Embarrassment and Pride

It is with mixed feelings that I read the DEFRA celebration of reaching 95% favourable or recovering condition across its series of Sites of Special Scientific Interest (SSSIs).

I feel embarrassment that I helped introduce a single nationally applied target to a previously unfathomably uncertain system, and pride, as that at least it has delivered positive outcomes and given Environmental Organisations greater authority…

Back in 1987, as an enthusiastic systems analyst, I joined the Nature Conservancy Council HQ at Peterborough, primarily to design and build systems that would manage and maintain information about the UK’s suite of SSSIs.

As part of an amazing ever changing group of IT and conservation staff (you know who you are) we took the task head on.

The context of my approach over the years it took to complete (then, I hasten to add) was based on:

  • A strict adherence to SSADM
  • Object orientation
  • Business process re-engineering

In short this meant applying order to the most unordered of the unordered.

Conservation management at the time was all about local appropriateness, vast experience and the scientific biases of local management. This meant that there were different approaches and views in the same office never mind across the country.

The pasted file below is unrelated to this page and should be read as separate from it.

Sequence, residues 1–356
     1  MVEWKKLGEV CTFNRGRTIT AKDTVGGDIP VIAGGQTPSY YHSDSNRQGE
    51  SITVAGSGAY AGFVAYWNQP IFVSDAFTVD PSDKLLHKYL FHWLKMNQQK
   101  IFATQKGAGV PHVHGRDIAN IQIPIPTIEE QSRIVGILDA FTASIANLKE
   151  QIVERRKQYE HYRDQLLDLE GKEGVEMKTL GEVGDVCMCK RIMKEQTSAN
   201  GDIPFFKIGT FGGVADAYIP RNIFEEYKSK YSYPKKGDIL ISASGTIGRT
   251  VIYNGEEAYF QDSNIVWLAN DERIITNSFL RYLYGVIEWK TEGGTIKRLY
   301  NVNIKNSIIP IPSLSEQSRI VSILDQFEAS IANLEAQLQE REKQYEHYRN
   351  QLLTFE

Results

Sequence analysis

What we then did was look for a common denominator, the smallest undividable piece of:

  • interest feature ie habitat
  • tenure or ownership
  • legislative boundary ie county

and we called this a unit.

We then picked up on some new thinking in Wales (Thanks Terry Rowell) on condition monitoring which recommended assessing a unit across its entirety and categorising it between unfavourable and favourable. In other words, summarising all the vast knowledge of a conservation officer over a half day visit into a single decision.

In hindsight I could justify this as creating a vast digital landscape allowing anticipatory awareness of where hotspots of good practice or damaging activities so that action could be taken quickly.

What was however a genuine shock was that once the system was in place, how the ability to summarise condition across site, team, county and nation quickly turned it into the single most important measurement for English Nature. It was a bit like seeing a spine emerging in a jellyfish.

Perhaps my greatest regret is that I purposefully turned my back on Info Systems and targets to concentrate on storytelling in communities, and despite Dave Snowden’s constant support and sponsorship, I didn’t implement a narrative version of the system capturing the real thoughts/motivations/knowledge of local conservation staff, wildlife trusts, land owners and volunteers which would undoubtedly have created a world beating conservation resource which might have made up to the minute sense of climate change and lessened the current target chasing approach we now see today.

But Hey, lets all celebrate that we still have SSSIs in 2011…


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